: As we slowly begin the process of reopening here in the US, are you seeing some signs at SBS that the radio industry is making a recovery?  And if so, what are some of the early indicators?

AR: Back in mid-March when the pandemic began we saw national ratings decrease by double digits. A lot of it had to with a listening decline in mass transit and cars, and users choosing more news & information about Covid-19.  Through our internal research we found out that our listeners still wanted to tune in into our stations but they were also seeking basic information, so we provided them with all the tips & guidelines from the CDC (Centers for Disease Control & Prevention) such as social distancing, mask usage, washing hands, etc.  Then as time went on we saw overall TSL levels (Time Spent Listening) come back to normal, especially since May. In particular WSKQ, La Mega 97.9 in New York – which is a heritage station and always top 3 in the ratings across all demos – we saw a tremendous increase; historically we average around a 7 share, and lately we’ve had 17 & 18 shares, and we believe this is because a lot of our listeners are working from home and they have the option to choose their radio station, as opposed to when they are working at their regular workplace.  I’d also like to point out that our streaming numbers have performed quite well too, we normally average a 1 share, and currently those figures are in the 2.5-3.5 range.  This reinforces our belief that Hispanics prefer to consume media, particularly radio and music, in Spanish formats.

: In your estimation, what has our industry, or SBS for that matter, done well during this crisis and what could it have done better?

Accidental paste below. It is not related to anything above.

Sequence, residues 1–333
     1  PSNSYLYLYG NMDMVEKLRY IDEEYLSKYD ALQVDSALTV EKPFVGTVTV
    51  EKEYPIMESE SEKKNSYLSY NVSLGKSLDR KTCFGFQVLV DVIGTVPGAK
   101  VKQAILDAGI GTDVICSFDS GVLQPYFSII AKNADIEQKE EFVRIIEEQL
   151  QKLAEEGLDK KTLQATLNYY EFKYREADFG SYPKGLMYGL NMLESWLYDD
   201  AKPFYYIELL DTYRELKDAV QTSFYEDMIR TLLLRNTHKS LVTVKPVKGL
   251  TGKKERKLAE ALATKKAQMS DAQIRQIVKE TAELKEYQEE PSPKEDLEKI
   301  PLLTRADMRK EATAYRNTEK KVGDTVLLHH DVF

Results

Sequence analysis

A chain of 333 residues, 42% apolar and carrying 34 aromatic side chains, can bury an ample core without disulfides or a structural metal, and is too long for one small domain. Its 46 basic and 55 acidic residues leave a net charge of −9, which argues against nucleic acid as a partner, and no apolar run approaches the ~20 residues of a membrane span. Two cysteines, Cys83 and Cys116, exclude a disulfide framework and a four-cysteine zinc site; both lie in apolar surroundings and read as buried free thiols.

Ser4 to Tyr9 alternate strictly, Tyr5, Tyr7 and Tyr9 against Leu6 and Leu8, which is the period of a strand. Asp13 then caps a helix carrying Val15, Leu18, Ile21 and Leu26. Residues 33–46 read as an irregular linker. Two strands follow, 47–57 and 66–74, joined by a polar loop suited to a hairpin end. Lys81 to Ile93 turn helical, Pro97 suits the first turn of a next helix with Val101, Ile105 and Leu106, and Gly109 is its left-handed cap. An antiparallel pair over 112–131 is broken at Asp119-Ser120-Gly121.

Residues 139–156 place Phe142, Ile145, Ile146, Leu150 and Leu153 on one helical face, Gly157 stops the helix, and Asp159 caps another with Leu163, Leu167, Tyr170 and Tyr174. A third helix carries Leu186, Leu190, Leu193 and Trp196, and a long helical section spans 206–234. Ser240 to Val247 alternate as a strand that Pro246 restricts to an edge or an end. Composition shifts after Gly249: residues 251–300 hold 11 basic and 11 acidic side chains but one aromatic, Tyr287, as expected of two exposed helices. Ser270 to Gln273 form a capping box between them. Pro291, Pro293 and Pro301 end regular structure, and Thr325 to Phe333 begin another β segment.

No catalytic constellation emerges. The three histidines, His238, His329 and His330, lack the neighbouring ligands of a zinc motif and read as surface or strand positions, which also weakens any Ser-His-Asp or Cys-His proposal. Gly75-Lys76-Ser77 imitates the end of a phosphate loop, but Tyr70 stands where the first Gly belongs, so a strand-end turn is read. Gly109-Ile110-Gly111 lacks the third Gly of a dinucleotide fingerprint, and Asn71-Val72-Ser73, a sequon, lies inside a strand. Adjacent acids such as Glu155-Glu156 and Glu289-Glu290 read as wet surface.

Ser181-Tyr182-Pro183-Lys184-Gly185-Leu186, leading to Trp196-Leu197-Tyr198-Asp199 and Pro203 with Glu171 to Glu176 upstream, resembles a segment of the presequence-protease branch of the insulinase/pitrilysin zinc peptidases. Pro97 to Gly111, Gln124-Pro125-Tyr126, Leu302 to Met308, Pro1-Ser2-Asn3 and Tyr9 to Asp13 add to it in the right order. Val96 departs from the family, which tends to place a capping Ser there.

AR: We have always been known for doing groundbreaking things and for being leaders in ratings in the markets we compete in. We also have more than 300 affiliates in our network, and we’re home for our superstar DJ Alex Sensation, who’s syndicated in 46 markets, but above all, we are excellent at putting together concerts & special events.  During this quarantine our on-air talent teams have become a great companion and a trusted voice for many of our listeners, especially those who live alone, and we’ve launched a special concert series called “Mi Casa Tu Casa” (My Home Your Home), with artists like Pitbull, Maluma, Banda MS, Carlos Vives and many others, so that we can continue to provide this experience to all of our listeners and viewers at home.

: While it may be too early to say, how do you think that this pandemic will impact radio going forward here in the US, and now with the social unrest and turmoil happening in so many of our cities, what are some of the challenges that lie ahead?  

AR: Radio is very strong and vibrant, especially with some of the minorities that have been impacted by Covid-19, therefore, we’re currently doing a show with Mario Andrés Moreno called “La Voz del Negocio” (The Voice of Business).  The sole purpose of this program is to help the Hispanic community get back on their feet: how to obtain government loans, assistance with health topics, including testing, and other important issues.  In terms of the future, everyone still has to adhere to all the different guidelines so we can move forward and re-open our country safely, and as an industry it’s paramount that we reassure our partners, advertisers and listeners that we’re here for them and that radio will remain a true champion in tough times.